There may be an email circulating that appears to be from firstname.lastname@example.org requesting information regarding ACH and Wires. However, Glenwood State Bank will never contact you via email for request of information regarding ACH or Wire transactions you have established with us. If you receive such an email, please disregard and delete immediately. Thank you.
There appears to be an automated call going around from a blocked or private number indicating that your card has been compromised and you are given some options. Please know that this is not a call from Glenwood State Bank. Glenwood State Bank may call you regarding card compromise; however it will have caller ID from one of our local bank numbers, and will be from a real, live bank employee who you will likely know. If you receive this automated call, please hang up immediately and do not give out any personal information. If you are ever uncertain of the caller, let the person know you will be hanging up and calling back to your bank to verify who you are talking too. If you have any questions or feel your card has been compromised, please contact us immediately. Thank you.
Security Bulletin Regarding Vulnerability “Heartbleed”
There has been a lot of buzz in the media regarding a recently discovered server vulnerability referred to as “heartbleed”. Please refer to http://heartbleed.com/ for detailed information. At this time, Glenwood State Bank’s Online Banking provider has no reason to believe that any of their systems have been improperly accessed due to this vulnerability. Our provider is working to analyze all of their systems concentrating on the specific systems mentioned in the security release and will be taking immediate steps to remediate any system that may be affected. We are advising customers that at this time we have no reason to believe our Online Banking has been affected; however, if concerned or as a precaution, customers should refrain from using Online Banking until we have official confirmation that the vulnerability, if any found, has been remediated.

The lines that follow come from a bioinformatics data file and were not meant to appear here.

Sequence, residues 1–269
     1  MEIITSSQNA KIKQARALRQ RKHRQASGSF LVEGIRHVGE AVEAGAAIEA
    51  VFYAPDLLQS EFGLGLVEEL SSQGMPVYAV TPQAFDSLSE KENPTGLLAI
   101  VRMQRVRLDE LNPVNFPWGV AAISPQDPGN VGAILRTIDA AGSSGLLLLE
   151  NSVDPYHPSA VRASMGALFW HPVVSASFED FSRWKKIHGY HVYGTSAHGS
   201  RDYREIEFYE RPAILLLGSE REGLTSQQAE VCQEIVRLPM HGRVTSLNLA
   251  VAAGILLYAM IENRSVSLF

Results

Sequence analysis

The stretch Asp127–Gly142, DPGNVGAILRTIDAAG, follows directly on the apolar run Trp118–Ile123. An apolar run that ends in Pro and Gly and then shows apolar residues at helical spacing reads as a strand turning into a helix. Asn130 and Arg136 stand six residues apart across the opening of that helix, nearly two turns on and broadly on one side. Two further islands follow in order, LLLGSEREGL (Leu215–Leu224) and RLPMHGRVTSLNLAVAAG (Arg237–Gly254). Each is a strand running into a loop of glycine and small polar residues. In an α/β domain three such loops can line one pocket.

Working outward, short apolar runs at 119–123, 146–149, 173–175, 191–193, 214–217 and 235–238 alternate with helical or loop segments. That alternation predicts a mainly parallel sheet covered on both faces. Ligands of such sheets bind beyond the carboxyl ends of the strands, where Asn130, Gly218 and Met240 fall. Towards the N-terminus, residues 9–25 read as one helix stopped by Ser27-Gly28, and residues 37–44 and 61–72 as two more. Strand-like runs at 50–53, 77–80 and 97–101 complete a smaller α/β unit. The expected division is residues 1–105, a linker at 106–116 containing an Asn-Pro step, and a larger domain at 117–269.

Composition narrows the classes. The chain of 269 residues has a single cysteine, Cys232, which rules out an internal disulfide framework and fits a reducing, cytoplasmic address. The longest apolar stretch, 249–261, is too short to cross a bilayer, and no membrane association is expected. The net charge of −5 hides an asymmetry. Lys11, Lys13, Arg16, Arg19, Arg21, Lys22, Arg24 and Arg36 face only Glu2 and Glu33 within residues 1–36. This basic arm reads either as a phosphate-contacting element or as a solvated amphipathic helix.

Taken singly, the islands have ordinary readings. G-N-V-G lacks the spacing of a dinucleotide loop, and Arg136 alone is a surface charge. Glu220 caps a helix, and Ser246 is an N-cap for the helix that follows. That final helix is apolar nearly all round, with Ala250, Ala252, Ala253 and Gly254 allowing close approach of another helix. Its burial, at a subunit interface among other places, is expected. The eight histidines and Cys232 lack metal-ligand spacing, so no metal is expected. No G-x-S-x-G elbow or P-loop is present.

Our Commitment to Security
Our commitment. Glenwood State Bank is committed to the integrity, availability, and confidentiality of your financial resources. We utilize proven technology to protect your personal and financial information and your privacy.
Unauthorized transactions. Federal law provides some protections to consumer customers when there is unauthorized account activity. You should notify us as soon as possible if you discover an unauthorized Electronic Funds Transfer (ATM transfers, purchases made with your debit card or ATM card, online banking payments, and online transfers) on your account. While business customers are not entitled to the same regulatory protections as consumers, we will use all commercially reasonable means to help you resolve the matter.
Online Banking Password control. After three failed attempts to enter the correct password credentials, the user will be locked out of the system. You will need to contact the bank to regain access.
Online Banking Security features. When you sign up for online access, you were asked to create your own username and password to access your accounts. This information is encrypted during transmission. Authentication and device identification at login helps safeguard account information and transactions and enables the bank to verify the authenticity of your activity.
Timed log-off. Our system automatically logs you out of online banking after a period of inactivity.
Encryption. Glenwood State Bank utilizes Secure Socket Layer (SSL) technology to protect your data and transmissions over the internet. This technology encrypts (or scrambles) the information you provide so it’s difficult for anyone other than Glenwood State Bank to read it.
We will never...email, call, or otherwise ask you for your electronic banking credentials. If you receive a suspicious phone call or mail asking for your authentication credentials, you should decline to do so and call us immediately at 320-634-5111.